SBC Communications will use Microsoft software to deliver television programming over broadband data lines. The announcement is a major endorsement for the Microsoft TV platform.
In a milestone $400m dollar ten-year deal with Microsoft, SBC will provide television services over internet protocols across a roll out of new fibre optic infrastructure.
“Our service will change the way people experience TV. Finally, customers will watch what they want, when they want – from a virtually unlimited and interactive content selection,” said Edward Whitacre, chairman and chief executive of SBC.
SBC Labs has been testing an IP-based television service built on the Microsoft TV IPTV Edition platform since June 2004. Field trials will begin in mid 2005.
“The selection of Microsoft TV recognizes Microsoft’s leadership position in the rapidly emerging IPTV industry and the benefits it will bring to customers.” said Steve Ballmer, chief executive of Microsoft.
“This is a very big endorsement,” said Moshe Lichtman, vice president of Microsoft TV. “It’s a signature of confidence in the direction Microsoft has been taking in this space.”
It is an endorsement not only of Microsoft, but of the growing importance of internet protocol television or IPTV delivery. It follows a recent announcement that Comcast will roll out Microsoft software in Washington state. Microsoft has invested at least $20bn in cable companies over the last decade, but is now focused on providing software to deliver digital television.
SBC plans to provide programming from satellite provider EchoStar, with which it already has a separate marketing agreement. Initial plans are to provide simultaneous access to two high-definition and two standard definition channels, to support multiple sets or recording one channel while watching another.
The service is planned to provide instant channel changing, customizable channel lineups, video on demand, digital video recording, multimedia interactive program guides and event notifications, including notification of telephone calls and instant messaging.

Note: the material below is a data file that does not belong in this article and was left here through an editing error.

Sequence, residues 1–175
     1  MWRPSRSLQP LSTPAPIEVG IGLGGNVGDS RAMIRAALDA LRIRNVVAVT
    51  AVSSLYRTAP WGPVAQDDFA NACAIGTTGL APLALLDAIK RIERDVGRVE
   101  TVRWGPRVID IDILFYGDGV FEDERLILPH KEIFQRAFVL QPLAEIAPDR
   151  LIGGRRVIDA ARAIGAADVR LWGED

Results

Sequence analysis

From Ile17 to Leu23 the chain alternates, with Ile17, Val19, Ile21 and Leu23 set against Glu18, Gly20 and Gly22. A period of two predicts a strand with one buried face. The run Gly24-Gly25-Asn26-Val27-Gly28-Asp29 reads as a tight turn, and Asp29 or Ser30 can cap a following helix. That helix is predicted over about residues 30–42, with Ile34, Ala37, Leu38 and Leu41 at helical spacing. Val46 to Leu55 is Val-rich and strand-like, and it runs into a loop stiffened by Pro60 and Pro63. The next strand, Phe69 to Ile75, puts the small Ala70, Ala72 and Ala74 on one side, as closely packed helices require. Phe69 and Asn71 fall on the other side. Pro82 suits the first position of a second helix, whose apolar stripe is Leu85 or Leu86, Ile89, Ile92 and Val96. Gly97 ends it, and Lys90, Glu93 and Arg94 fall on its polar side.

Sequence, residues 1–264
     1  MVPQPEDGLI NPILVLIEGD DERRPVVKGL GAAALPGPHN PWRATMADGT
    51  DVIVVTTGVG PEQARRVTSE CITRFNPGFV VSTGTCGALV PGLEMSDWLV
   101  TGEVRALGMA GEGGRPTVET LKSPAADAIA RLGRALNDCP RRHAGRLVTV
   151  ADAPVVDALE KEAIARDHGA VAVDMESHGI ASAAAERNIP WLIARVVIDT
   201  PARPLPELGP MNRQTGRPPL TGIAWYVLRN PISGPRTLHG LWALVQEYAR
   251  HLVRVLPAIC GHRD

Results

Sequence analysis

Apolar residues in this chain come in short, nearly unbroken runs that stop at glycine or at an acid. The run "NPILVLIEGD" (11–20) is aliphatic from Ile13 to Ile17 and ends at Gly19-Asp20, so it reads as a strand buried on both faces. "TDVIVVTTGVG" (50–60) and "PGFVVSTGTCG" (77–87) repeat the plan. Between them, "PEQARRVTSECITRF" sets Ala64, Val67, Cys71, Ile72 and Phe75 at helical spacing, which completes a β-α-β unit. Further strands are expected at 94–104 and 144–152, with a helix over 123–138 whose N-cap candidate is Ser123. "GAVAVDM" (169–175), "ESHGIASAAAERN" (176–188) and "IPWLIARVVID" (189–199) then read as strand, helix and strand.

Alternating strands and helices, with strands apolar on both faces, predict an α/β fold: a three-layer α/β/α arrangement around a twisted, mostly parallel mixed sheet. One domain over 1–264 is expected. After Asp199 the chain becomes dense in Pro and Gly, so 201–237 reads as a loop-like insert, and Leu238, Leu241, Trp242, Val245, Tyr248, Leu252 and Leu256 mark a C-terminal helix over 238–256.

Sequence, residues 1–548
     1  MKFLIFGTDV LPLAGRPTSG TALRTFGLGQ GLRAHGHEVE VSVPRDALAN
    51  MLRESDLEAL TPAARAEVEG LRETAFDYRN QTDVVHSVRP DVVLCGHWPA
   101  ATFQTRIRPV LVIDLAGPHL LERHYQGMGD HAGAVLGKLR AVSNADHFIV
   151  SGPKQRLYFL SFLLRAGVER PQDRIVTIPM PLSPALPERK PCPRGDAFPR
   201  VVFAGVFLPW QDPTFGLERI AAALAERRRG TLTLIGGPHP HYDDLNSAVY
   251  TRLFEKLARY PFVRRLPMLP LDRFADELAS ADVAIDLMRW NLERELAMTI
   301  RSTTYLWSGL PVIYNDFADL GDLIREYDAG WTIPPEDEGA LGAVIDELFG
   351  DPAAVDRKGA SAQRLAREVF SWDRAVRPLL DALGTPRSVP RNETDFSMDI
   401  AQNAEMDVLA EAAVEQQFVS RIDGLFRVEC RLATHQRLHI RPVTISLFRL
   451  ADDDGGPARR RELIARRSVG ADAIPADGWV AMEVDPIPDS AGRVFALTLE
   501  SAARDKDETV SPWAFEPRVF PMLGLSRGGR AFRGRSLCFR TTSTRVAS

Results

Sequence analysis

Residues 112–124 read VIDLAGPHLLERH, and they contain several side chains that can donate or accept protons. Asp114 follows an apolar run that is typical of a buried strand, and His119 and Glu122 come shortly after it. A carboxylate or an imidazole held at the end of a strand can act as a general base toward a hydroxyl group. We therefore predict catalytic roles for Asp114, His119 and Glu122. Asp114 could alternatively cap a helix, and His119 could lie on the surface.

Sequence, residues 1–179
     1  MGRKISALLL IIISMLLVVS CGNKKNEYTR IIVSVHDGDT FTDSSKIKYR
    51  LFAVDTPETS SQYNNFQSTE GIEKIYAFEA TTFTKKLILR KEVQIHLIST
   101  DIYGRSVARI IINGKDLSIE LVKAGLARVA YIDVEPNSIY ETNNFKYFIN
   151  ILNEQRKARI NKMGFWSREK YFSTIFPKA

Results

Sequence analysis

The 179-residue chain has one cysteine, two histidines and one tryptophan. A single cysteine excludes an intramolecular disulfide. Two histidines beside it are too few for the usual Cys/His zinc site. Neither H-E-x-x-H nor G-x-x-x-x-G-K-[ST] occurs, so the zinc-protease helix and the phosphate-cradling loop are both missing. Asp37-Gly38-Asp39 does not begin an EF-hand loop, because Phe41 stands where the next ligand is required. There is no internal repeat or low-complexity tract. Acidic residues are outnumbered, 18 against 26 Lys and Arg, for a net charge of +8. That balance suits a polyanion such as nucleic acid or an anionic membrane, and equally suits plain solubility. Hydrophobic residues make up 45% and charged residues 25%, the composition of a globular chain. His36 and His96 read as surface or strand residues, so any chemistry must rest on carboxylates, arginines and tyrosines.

This will require significant improvements in the speed of broadband connections to the home. SBC has previously announced that it plans to spend up to $4bn over the next three years on its fibre optic infrastructure in what it terms Project Lightspeed, which will allow it to provide television services over data networks and compete with conventional cable television companies.
“Project Lightspeed provides a number of important advantages – including superior speed to market with exciting, market-changing services, and it allows us to leap-frog today’s US telephone and cable TV networks,” according to Lea Ann Champion, who is responsible for IP operations and services at SBC. “We’re serious about offering a video alternative to customers – which we’ll do through unique programming, interactivity and functionality unmatched in today’s video environment.”
Dan York recently joined SBC from iN DEMAND Networks to lead the company’s video content strategy.
SBC plans an accelerated deployment, expected to reach 18 million households by 2007, with television services launching in late 2005. Some analysts remain sceptical that all this will be achieved in the timetable set by SBC.
In new developments, reaching around a million households, FTTP or fibre to the premises will be employed.
In the majority of existing neighbourhoods, SBC plans to overbuild with FTTN or fibre to the node, which is more cost-effective, taking fibre to within a few thousand feet of the home to provide a 20-25 megabits downstream connection.
A switched video distribution system will stream only the content the customer requests instead of broadcasting all channels to everybody at once.
Based in San Antonio in Texas, SBC is a Fortune 50 company with 167,000 employees worldwide. Their strapline is “Going beyond the call”.